By Scott Keith –
“If you are a manual laborer, you find that the Bible has been put into your workshop, into your hands, into your heart. It teaches and preaches how you should treat your neighbor. Just look at your tools––at your needle and thimble, your beer barrel, your goods, your scales or yardstick or measure––and you will read this statement inscribed on them. Everywhere you look, it stares at you. Nothing you handle everyday is so tiny that it does not continually tell you this, if you will only listen…. All this is continually crying out to you: ‘Friend, use me in your relations with your neighbor just as you would want your neighbor to use his property in relations to you.’”
–Martin Luther, The Sermon on the Mount
I am always quite astounded when I encounter people who love their vocation and treat it as a true calling. I am even more delighted to find that, more often than not, those people are trade workers or manual laborers of some kind. Recently, I went on a river cruise with Viking River Cruises. We traveled to several exotic locations, ate incredible foods, made new friends, and saw many amazing sights. But what made the trip a pleasure was the crew of our ship, the Viking Skirnir. From the waiters and bartenders to the captain and engineers, this is a group of people who understand their vocations and love to serve others.
What made the difference was the feeling they gave that they actually cared about us. They knew that the tools of their trade were being used to serve their closest neighbors at the moment: we, the passengers. Now, I’m not sure how many of the crew were Christian, though I am certain some were. What I am certain of is that God was using these people through the workings of everyday life aboard a ship to serve my family and me. What a joy!
One of the things that I love about Lutheran theology is its connection to the nitty-gritty of everyday life. Regeneration comes to us when normal water, combined with God’s Word, is poured on us in Baptism. Forgiveness comes to us on the lips of another down-to-earth, flesh-and-blood sinner like us when he proclaims the words of absolution. Assurance and strengthening of faith are given to us through ordinary bread and wine that, when connected to Christ’s Words of forgiveness, become His real body and blood shed for us for the forgiveness of our sin. Further, God works His providential care for us through the common callings of those whom He places in our lives: real people working with real stuff for our good as God has planned.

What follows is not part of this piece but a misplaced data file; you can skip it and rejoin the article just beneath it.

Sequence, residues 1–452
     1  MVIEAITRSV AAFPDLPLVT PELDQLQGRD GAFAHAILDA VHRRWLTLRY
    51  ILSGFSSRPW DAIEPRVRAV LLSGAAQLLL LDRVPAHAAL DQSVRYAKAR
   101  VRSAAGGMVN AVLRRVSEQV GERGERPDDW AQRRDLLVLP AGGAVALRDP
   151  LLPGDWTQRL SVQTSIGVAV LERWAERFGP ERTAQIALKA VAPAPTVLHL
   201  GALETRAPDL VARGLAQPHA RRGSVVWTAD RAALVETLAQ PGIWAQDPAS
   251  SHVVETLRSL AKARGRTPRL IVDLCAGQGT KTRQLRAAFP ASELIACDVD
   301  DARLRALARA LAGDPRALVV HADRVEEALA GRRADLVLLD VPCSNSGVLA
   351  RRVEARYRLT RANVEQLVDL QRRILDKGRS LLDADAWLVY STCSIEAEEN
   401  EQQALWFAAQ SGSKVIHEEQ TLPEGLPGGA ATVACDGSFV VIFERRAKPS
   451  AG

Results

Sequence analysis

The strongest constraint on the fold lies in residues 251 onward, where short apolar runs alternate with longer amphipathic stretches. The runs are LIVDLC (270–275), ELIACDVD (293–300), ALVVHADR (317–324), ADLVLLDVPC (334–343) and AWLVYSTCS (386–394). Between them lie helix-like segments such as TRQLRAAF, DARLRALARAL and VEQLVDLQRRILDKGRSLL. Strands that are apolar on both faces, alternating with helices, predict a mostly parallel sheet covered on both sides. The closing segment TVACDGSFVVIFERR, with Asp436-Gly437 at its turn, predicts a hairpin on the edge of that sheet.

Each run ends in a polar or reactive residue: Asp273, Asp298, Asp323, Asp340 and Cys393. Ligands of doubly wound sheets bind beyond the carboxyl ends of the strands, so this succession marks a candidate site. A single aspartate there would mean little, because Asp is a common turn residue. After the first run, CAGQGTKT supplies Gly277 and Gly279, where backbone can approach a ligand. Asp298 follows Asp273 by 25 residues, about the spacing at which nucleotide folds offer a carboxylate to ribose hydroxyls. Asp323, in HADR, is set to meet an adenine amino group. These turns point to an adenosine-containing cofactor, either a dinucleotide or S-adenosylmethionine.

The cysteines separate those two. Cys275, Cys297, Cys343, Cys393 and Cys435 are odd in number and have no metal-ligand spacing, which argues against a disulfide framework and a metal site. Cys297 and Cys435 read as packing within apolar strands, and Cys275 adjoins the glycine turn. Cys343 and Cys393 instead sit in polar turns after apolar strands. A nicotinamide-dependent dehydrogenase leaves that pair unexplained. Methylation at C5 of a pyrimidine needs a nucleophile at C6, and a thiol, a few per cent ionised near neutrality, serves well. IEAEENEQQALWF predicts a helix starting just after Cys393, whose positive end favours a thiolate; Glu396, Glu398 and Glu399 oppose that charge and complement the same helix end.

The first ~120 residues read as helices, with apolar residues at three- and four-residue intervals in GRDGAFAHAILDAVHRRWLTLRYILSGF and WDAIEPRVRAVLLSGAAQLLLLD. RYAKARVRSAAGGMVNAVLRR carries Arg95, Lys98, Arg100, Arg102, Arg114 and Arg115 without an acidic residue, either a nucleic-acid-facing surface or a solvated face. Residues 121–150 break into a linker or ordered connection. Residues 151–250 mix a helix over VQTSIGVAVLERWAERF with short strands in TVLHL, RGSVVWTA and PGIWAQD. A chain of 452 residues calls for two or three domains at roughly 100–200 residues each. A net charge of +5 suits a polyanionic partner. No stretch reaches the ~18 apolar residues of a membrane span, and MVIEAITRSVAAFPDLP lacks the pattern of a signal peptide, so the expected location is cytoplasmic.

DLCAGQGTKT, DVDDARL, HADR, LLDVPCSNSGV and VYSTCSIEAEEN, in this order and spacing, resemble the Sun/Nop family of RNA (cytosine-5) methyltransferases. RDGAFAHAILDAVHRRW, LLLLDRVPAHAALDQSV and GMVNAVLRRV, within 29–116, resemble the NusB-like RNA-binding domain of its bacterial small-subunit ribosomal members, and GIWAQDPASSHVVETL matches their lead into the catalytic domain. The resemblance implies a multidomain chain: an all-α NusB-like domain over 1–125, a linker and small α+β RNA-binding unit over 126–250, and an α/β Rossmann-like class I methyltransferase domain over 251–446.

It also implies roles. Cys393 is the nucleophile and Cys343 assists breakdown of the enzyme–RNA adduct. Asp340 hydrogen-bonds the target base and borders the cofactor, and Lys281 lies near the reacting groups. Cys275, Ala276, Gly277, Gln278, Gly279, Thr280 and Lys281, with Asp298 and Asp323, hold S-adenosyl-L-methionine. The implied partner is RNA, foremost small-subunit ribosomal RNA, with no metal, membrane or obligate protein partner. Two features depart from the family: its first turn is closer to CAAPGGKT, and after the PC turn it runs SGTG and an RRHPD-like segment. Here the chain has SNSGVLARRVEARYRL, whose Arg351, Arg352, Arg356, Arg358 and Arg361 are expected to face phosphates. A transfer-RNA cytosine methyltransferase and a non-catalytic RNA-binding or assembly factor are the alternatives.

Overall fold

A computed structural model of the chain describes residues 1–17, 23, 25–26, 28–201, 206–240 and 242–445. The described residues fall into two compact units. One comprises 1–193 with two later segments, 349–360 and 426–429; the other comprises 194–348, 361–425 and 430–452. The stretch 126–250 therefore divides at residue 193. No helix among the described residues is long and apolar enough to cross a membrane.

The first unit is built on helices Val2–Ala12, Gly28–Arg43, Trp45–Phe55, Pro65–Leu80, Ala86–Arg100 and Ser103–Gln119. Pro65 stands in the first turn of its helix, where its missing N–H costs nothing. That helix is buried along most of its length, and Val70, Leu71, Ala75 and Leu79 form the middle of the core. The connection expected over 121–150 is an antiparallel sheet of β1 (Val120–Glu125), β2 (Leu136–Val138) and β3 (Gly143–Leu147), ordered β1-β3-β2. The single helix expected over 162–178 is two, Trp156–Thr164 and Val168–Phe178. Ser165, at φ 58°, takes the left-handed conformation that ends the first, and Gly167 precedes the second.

In his new book on vocation, Working for our Neighbor, Gene E. Veith elaborates on this idea when he writes: “But for Luther, and Lutherans, work is to be pursued as an act of love. The whole economic order becomes a network of God’s providential action, as human beings––whether believers or nonbelievers, in every facet of the division of labor––love and serve one another, meeting one another’s needs, forming an interdependence that manifests itself in multiple levels of communities.”
Believers and nonbelievers alike, through God’s plan and providential care for we His children, contribute to these acts of love through their everyday work. This is why I can say that God used the people on the Viking Skirnir to serve my family with love, thus fulfilling their vocations and allowing us to enjoy some much-needed rest. What an amazing God we have! He makes all things and all people work for His good through the ordinary stuff of everyday life. Or as Veith says: “All in all, Luther’s theology shows the interconnections of faith, work, and economics not just theoretically, but practically, and discloses how the ordinary, seemingly secular activities of everyday life are essential dimensions of Christian spirituality.”
God does work through believer and nonbeliever alike. And yet, for we who are in Christ, we know the full story, the real tale, and the deeper magic. We know that all we have––our lives, justification, faith, forgiveness, sanctification, and every good gift––has been given to us on account of Christ’s death and resurrection on our behalf. We know we are saved by God’s grace alone, through faith alone, which is given to us by the Holy Spirit through the preached Word, and that Christ alone is He who saves us. We know too that these realities serve to set us free from trying to work to please God. Rather, our labor freely serves out neighbor. This, I think, is what is meant in Ephesians 2:10 when Paul says: “For we are his workmanship, created in Christ Jesus for good works, which God prepared beforehand, that we should walk in them.”
We walk in our good works through the regular interactions we have in this world. What a joy and pleasure to know we are free from being uniquely good workers in order to please God and free to live our lives walking in the steps God has prepared beforehand. These steps are not too hard to figure out. Wake up, interact with your family, pour your spouse some coffee, get dressed, head to work, or fulfill your calling in the home, and engage in those “seemingly secular activities” that are all essential elements of your Christian life.
To the crew of the Viking Skirnir: for serving us in love for ten beautiful days, I say thank you. To my mother-in-law, Sue: for making it all possible, I say thank you. To my wife and daughter, Joy and Autumn: for being such good company along the way, I say thank you. Finally, to our God, the God of Abraham, Isaac, and Jacob, who on account of Christ and because of His love for His children uses these common sinners like me to serve me in love: I say thank you.
In the end, the “Vocation of Vacation” is not much different than any other vocation. As Luther said above, all of the gifts God has placed in our lives are continually crying out to you: “Friend, use me in your relations with your neighbor just as you would want your neighbor to use his property in relations to you.” – Amen!